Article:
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doi = "10.1007/s11548-012-0795-1",
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pages = "407--417",
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3D position estimation of flexible instruments: marker-less and marker-based methods. / Reilink, Rob; Stramigioli, Stefano; Misra, Sarthak.

In: International journal of computer assisted radiology and surgery, Vol. 8, No. 3, 03.07.2013, p. 407-417.

Research output: Contribution to journalArticleAcademicpeer-review

TY - JOUR

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AU - Stramigioli, Stefano

AU - Misra, Sarthak

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PY - 2013/7/3

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N2 - Purpose Endoscopic images can be used to allow accurate flexible endoscopic instrument control. This can be implemented using a pose estimation algorithm, which estimates the actual instrument pose from the endoscopic images. Methods In this paper, two pose estimation algorithms are compared: a marker-less and a marker-based method. The marker-based method uses the positions of three markers in the endoscopic image to update the state of a kinematic model of the endoscopic instrument. The marker-less method works similarly, but uses the positions of three feature points instead of the positions of markers. The algorithms are evaluated inside a colon model. The endoscopic instrument is manually operated, while an X-ray imager is used to obtain a ground-truth reference position. Results The marker-less method achieves an RMS error of 1.5, 1.6, and 1.8 mm in the horizontal, vertical, and away-from-camera directions, respectively. The marker-based method achieves an RMS error of 1.1, 1.7, and 1.5 mm in the horizontal, vertical, and away-from-camera directions, respectively. The differences between the two methods are not found to be statistically significant. Conclusions The proposed algorithms are suitable to realize accurate robotic control of flexible endoscopic instruments, enabling the physician to perform advanced procedures in an intuitive way.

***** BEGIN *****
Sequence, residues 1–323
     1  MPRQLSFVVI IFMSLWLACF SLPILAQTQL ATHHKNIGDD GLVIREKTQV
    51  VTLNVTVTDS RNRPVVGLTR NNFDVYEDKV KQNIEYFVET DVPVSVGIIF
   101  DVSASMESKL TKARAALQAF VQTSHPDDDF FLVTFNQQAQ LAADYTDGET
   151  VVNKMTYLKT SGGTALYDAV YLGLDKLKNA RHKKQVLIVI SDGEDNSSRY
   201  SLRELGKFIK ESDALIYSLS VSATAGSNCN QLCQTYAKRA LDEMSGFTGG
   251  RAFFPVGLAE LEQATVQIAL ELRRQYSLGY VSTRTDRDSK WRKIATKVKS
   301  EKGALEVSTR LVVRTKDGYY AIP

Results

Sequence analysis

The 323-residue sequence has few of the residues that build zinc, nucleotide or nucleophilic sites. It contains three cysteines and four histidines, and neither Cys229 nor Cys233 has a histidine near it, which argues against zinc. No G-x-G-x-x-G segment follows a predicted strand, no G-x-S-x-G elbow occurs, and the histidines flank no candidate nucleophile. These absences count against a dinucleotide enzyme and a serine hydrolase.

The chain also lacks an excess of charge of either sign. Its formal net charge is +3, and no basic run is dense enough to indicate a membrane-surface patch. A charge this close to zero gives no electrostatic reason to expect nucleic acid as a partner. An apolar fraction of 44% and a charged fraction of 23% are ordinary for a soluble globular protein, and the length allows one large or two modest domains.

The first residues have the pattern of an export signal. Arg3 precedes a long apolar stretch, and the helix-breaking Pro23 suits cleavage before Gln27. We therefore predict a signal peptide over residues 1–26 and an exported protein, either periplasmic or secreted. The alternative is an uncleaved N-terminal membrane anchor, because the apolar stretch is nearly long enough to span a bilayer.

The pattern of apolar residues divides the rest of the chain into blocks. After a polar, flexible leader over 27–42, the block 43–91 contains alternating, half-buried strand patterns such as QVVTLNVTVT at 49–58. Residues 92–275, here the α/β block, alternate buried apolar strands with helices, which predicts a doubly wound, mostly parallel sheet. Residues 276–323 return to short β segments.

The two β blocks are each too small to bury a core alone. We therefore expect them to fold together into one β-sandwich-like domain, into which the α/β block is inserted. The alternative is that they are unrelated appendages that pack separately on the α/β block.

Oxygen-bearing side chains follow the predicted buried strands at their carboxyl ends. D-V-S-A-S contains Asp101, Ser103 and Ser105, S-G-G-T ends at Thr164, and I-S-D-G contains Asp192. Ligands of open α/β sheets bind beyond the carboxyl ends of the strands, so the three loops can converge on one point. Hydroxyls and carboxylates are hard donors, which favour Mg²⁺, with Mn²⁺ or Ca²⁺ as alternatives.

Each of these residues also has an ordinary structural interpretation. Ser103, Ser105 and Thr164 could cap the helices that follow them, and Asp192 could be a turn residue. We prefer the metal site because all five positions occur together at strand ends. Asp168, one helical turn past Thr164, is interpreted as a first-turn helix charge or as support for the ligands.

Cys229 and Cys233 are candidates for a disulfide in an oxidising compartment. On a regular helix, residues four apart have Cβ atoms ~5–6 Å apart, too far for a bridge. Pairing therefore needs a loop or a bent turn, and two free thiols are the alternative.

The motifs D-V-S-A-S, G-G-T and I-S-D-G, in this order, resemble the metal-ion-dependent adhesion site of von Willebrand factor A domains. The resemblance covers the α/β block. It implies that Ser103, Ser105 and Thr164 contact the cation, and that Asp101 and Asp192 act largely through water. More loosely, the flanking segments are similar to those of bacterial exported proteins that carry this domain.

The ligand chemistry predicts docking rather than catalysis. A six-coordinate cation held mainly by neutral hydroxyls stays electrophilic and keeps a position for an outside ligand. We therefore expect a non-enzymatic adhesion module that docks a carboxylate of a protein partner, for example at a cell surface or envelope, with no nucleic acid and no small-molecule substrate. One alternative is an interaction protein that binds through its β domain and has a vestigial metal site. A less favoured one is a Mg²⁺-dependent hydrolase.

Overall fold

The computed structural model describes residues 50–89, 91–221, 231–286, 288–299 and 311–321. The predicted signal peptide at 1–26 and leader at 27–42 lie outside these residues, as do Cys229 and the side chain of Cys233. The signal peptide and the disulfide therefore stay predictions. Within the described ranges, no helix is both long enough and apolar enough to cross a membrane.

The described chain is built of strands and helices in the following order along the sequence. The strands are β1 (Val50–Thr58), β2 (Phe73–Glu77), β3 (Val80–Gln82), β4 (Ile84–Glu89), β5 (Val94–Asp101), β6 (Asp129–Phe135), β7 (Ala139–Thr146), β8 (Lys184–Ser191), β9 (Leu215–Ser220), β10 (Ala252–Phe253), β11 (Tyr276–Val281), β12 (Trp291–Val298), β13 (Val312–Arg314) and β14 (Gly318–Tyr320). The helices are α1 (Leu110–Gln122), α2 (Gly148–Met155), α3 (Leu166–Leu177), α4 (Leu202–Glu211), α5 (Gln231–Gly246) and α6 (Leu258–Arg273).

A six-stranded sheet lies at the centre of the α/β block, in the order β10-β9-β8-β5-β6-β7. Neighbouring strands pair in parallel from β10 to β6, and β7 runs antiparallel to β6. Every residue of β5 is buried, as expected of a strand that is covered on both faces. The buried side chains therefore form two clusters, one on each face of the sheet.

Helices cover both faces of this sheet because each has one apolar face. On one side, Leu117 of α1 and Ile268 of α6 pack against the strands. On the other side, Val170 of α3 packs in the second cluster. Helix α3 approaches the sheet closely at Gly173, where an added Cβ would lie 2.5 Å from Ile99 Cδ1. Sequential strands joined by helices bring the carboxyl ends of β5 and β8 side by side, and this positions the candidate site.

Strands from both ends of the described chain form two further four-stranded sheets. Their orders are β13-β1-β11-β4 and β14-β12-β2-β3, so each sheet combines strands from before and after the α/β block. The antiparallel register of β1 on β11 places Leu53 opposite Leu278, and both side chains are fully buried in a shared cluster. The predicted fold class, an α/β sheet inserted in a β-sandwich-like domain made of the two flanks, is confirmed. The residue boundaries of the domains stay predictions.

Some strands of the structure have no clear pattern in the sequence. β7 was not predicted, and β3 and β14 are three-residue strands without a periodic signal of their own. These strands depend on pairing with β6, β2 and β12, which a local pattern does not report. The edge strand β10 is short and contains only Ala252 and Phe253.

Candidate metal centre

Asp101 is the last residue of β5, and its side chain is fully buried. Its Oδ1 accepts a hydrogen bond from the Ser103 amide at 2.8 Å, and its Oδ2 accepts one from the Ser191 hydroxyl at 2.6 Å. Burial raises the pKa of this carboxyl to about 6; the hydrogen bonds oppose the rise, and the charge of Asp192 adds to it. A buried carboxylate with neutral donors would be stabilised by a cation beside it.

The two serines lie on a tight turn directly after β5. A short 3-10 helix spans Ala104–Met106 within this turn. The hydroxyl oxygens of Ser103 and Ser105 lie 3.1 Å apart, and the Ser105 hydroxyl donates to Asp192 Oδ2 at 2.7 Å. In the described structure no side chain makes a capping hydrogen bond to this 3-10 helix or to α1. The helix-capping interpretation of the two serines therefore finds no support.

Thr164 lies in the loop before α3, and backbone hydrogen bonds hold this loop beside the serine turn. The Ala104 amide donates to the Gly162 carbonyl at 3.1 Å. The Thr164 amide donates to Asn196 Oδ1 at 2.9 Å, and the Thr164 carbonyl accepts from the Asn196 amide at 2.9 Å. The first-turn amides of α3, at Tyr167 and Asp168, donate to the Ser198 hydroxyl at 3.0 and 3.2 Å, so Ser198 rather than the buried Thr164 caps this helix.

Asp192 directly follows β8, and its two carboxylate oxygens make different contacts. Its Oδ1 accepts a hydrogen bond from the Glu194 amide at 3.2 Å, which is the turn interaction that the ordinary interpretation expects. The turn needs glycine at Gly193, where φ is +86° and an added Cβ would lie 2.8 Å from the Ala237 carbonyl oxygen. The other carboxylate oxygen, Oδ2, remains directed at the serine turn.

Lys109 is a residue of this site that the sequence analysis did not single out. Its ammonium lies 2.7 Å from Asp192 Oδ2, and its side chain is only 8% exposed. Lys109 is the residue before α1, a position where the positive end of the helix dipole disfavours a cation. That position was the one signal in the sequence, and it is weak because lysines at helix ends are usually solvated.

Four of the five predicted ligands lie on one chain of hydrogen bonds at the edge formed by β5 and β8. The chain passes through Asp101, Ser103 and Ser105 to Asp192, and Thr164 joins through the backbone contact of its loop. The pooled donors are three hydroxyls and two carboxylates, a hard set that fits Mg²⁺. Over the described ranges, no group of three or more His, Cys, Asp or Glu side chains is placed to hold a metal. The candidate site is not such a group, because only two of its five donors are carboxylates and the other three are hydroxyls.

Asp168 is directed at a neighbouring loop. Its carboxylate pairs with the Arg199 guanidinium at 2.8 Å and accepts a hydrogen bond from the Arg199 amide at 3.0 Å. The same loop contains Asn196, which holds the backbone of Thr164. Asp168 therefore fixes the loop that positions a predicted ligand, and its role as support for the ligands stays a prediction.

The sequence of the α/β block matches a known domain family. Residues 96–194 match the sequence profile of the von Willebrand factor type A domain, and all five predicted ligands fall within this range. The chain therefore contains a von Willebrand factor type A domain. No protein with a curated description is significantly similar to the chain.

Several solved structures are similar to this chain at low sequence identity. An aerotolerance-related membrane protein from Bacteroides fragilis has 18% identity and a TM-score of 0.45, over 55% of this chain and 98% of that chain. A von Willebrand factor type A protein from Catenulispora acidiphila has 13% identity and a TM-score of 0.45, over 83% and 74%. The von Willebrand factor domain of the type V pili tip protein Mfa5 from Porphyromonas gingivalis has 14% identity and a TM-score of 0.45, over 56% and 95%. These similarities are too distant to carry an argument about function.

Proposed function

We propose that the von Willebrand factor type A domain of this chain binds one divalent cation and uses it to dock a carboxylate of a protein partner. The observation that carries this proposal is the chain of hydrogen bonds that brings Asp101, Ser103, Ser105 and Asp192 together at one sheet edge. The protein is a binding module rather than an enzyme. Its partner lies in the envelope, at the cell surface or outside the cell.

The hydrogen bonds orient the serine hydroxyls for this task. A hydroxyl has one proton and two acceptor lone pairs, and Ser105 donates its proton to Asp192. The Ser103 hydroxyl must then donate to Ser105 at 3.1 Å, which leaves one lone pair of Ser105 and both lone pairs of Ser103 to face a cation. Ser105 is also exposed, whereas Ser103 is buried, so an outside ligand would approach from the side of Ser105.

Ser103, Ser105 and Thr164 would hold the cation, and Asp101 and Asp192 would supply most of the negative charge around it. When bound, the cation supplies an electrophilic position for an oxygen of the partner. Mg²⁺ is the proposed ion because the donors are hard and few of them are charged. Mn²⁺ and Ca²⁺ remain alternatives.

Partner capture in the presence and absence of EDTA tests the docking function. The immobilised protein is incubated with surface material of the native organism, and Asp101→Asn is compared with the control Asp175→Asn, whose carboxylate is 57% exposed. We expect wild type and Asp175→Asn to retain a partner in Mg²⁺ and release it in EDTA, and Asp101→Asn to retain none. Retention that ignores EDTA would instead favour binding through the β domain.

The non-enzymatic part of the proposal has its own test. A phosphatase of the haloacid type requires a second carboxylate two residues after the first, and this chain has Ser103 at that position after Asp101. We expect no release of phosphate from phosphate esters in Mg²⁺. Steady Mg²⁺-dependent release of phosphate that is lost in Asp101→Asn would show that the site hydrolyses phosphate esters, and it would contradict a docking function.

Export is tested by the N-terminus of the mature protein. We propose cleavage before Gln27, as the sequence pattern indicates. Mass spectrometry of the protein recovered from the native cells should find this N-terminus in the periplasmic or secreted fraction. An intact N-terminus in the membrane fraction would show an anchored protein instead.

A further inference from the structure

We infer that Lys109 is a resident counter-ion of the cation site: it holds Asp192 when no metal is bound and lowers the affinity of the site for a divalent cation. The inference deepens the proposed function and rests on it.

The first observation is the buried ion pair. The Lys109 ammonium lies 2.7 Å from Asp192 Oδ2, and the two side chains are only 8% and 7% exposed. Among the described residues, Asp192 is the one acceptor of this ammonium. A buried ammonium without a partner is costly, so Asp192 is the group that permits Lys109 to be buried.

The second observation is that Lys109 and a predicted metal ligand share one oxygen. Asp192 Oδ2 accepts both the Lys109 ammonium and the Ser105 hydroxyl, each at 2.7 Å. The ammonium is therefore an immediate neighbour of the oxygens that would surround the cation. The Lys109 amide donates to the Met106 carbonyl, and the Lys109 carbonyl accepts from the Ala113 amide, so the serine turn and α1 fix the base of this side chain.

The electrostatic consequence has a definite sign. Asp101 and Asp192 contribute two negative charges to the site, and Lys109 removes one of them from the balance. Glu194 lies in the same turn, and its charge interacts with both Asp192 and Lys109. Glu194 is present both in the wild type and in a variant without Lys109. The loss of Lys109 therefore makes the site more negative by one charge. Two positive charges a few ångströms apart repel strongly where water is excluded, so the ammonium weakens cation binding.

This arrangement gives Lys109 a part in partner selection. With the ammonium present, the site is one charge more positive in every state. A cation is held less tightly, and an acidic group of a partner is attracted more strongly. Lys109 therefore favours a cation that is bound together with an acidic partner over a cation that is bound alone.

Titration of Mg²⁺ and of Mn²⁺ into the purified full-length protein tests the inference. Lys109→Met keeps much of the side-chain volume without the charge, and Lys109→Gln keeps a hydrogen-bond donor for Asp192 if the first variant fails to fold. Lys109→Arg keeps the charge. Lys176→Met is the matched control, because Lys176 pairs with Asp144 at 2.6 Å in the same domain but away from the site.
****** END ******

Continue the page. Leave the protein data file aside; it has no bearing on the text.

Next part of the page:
AB - Purpose Endoscopic images can be used to allow accurate flexible endoscopic instrument control. This can be implemented using a pose estimation algorithm, which estimates the actual instrument pose from the endoscopic images. Methods In this paper, two pose estimation algorithms are compared: a marker-less and a marker-based method. The marker-based method uses the positions of three markers in the endoscopic image to update the state of a kinematic model of the endoscopic instrument. The marker-less method works similarly, but uses the positions of three feature points instead of the positions of markers. The algorithms are evaluated inside a colon model. The endoscopic instrument is manually operated, while an X-ray imager is used to obtain a ground-truth reference position. Results The marker-less method achieves an RMS error of 1.5, 1.6, and 1.8 mm in the horizontal, vertical, and away-from-camera directions, respectively. The marker-based method achieves an RMS error of 1.1, 1.7, and 1.5 mm in the horizontal, vertical, and away-from-camera directions, respectively. The differences between the two methods are not found to be statistically significant. Conclusions The proposed algorithms are suitable to realize accurate robotic control of flexible endoscopic instruments, enabling the physician to perform advanced procedures in an intuitive way.